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Footsteps to Follow: Rejoicing while we wait

One of my favorite Christmas carols is “O Come, O Come Emmanuel.” I love the haunting melody and the descriptions in the carol of who Jesus is and what He has come to do.

Years ago, I researched the various images for Jesus that are used in the carol. From Emmanuel, which reminds us that God is with us and comes from the book of Isaiah, to the image of Jesus as the Dayspring, which is an archaic word that simply means the coming of the dawn, the carol is full of beautiful promises that are fulfilled in Jesus Christ.

Yet as I thought about the song this year, I was struck by how much we have found ourselves in a similar situation to the nation of Israel. In many ways, we “mourn in lonely darkness.”

We feel like exiles, lost and stumbling through a year that has overwhelmed us in many ways. We seem to lack the wisdom and understanding that we need to navigate our way through the darkness. Just like Israel in the hymn, the underlying cause of our condition is sin, which seems to entangle us at every turn.

Yes, if you take the time to explore the place we are, you will likely shudder as you probe the depths of the human condition. But that’s not what the carol suggests that we do. It’s not that we ignore the condition we are in, but rather than focus on what is wrong, the carol calls us to rejoice in the hope that our Savior is coming. If you pay close attention to the lyrics, the command to rejoice is not given because the Lord has already fulfilled all His promises, but because one day He will, so we can sing: “Rejoice! Rejoice! Emmanuel shall come to you…”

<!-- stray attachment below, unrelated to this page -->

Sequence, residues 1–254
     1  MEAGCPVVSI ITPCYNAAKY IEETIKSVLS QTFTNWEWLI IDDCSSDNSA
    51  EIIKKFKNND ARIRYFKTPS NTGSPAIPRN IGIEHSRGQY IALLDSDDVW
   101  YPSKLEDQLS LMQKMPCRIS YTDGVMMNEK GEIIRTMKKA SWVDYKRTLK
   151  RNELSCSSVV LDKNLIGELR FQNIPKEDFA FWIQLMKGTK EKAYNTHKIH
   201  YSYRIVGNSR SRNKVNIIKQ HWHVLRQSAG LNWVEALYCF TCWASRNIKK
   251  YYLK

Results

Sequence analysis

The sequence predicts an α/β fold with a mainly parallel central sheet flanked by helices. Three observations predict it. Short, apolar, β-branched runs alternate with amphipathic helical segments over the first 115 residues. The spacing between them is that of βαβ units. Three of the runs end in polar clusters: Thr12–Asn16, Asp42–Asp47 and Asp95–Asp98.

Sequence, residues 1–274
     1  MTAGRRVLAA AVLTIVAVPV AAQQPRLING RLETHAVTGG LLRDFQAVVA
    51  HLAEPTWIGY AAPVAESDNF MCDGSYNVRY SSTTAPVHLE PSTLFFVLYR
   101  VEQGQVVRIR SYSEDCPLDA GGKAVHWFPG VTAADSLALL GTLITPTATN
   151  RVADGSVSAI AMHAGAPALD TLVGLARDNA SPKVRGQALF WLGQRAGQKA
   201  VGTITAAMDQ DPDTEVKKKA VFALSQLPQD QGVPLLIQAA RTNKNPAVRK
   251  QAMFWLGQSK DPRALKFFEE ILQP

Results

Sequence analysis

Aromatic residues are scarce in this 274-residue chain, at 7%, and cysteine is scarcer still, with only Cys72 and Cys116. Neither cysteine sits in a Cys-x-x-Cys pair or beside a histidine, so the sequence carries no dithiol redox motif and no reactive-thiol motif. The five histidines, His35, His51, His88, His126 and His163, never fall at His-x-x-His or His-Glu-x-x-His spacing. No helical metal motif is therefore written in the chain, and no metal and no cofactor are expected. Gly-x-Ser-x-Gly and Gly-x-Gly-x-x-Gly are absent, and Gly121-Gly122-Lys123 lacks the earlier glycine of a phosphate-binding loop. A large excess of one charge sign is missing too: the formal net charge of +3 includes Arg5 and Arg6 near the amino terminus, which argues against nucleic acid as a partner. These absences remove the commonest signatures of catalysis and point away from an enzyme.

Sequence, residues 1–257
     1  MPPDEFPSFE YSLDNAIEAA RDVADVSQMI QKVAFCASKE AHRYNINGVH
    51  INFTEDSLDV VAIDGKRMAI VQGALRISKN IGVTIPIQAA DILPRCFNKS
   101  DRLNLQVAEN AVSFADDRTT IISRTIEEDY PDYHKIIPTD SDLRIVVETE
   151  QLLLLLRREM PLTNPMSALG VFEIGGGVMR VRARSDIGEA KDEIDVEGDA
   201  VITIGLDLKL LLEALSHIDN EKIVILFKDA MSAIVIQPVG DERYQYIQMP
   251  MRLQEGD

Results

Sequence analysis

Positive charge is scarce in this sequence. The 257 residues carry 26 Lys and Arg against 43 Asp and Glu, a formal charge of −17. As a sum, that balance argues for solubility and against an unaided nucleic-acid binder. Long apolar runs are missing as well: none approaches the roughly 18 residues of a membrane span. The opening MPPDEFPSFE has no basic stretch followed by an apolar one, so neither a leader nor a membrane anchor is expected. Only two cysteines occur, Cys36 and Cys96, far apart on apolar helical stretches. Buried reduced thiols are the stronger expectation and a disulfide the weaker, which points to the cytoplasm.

As believers, we live at a time when many of the promises God made to His people have been fulfilled. We have reason to rejoice that Jesus has come and set us free from our sins and is always with us. But not everything is set right; there is still work to be done.

We look forward in anticipation to the second coming of Christ, when He will bring light into our darkness, wisdom to our hearts, and a culmination of all His good promises. Knowing that these blessings are coming and trusting the promise that “no word of God will ever fail,” we can heed the call of the carol and rejoice as we look forward to the second coming of Jesus Christ (Luke 1:37 NIV).

This season of advent, I encourage you to use the song “O Come, O Come Emmanuel” as a prayer. Take the time to recognize and mourn over the condition of this world and to repent of your sin, but do not wallow in sadness. Instead, thank God for the promises that are already fulfilled in Christ, and look forward in hope to those that are soon to be fulfilled.

While you wait for those promises, heed the command of the carol, and take time to rejoice and give thanks to God for His faithful love!

Rev. Robert Rice, pastor, Muncy Baptist Church

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